After nearly a full day’s travel, they came to a high, 20-foot-wide, arching bridge which spanned a 200-foot-wide gorge. Although it had a parapet running along either side, the bridge was crumbling in places.

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7 Comments

Filed under D&D, Dungeons & Dragons, rpg

7 responses to “The High Road

  1. 5pm, Gromdain, the 13th of Flaurmont, 1001AC
    Clear, dry, warm and windy.

    Maruc: 10xp
    Miklos: 10xp
    Feldard: 10xp+10xp
    Hasan: 10xp+5xp
    Stephan: 10xp+10xp+10xp
    Ludo: 10xp+10xp

    TOTAL:
    Maruc: 27,980/48000
    Miklos: 27,875/40000
    Feldard: 28,365/34000
    Hasan: 27,380/32000
    Stephan: 27,490/32000
    Ludo: 27,125/40,000

  2. Ludo

    Ludo looked over the edge of the cliffs. It was indeed a long way down. Over the sound of the wind which was swirling around them he yelled “we still have a few hours of daylight; lets get across this bridge and go on for a few more miles before camping for the night. Keep away from the edge where the bridge is weakest, stay in the middle”. He carefully started walking across the bridge.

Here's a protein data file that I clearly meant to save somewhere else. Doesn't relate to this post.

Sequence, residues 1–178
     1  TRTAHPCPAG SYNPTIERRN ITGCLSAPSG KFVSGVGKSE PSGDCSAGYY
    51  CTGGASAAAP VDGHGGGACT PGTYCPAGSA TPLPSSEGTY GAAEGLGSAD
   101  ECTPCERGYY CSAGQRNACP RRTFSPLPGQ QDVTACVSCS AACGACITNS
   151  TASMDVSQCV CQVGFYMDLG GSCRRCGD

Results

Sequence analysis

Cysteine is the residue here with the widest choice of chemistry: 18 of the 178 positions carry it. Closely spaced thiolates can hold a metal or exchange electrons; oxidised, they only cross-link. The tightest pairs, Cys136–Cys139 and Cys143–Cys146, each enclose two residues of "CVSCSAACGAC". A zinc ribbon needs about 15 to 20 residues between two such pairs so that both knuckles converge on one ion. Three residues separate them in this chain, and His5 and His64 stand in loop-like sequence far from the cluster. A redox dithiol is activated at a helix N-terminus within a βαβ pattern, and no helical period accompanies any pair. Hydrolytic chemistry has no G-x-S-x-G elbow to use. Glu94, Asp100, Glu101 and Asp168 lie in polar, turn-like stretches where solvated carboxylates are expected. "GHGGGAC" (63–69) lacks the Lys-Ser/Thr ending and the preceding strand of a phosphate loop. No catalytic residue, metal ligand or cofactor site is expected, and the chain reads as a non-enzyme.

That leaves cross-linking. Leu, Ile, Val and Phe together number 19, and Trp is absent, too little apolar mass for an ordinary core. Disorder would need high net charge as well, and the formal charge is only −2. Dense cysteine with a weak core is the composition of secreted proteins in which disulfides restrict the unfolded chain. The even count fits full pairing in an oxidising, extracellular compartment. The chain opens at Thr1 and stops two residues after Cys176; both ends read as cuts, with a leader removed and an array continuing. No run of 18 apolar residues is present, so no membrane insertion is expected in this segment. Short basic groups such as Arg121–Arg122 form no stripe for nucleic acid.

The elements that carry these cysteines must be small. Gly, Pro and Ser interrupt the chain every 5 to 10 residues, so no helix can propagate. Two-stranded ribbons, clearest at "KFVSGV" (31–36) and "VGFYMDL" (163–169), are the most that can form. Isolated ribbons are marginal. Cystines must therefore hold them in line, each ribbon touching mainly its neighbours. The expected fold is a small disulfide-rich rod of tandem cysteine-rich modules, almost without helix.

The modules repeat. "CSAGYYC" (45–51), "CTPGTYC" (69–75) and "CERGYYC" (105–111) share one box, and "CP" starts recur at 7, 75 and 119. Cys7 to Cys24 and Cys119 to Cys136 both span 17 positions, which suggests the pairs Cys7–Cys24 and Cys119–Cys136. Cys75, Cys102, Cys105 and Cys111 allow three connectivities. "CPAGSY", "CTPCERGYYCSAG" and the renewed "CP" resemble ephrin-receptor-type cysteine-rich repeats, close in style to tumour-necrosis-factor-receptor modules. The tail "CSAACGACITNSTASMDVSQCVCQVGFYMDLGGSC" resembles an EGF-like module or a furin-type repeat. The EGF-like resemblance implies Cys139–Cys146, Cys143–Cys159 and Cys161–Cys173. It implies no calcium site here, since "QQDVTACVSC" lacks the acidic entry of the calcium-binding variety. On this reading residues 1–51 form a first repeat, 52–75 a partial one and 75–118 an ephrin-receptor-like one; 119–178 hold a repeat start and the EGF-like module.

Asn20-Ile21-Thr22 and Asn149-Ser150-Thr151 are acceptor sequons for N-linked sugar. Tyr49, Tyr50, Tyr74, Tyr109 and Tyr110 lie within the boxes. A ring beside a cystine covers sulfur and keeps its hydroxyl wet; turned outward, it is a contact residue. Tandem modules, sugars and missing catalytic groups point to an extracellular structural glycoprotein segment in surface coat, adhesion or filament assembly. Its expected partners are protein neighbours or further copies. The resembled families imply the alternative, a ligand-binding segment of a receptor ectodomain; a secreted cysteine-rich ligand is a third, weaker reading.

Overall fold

3. Hasan

    “This bridge is ancient, even to me,” Hasan said. “It looks frail. We must proceed with caution. Let’s cross one at a time. Walk light, Ludo!” The elf turned to watch the thief’s progress. “Walk ahead, each of you. I will wait and watch. I can, I think, arrest one person’s fall with my magic.”

    (The elf will wait, ready to “levitate” any comrade who falls if the bridge crumbles.)

  4. Feldard (Dwf)

    Feldard studied the crumbling stonework of the bridge warily before setting foot to it and nodded in agreement at the warnings of his friends. “Hold up there Ludo! Not that I doubt your abilities Hasan, but I’d feel better if we had rope in hand. Between us all, we may have enough to span the distance.”

    With the ropes all tied together, Feldard handed one end to Ludo asthe rogue was the first to set out onto the bridge. Feldard held onto the other end, watching and waiting should the bridge fail.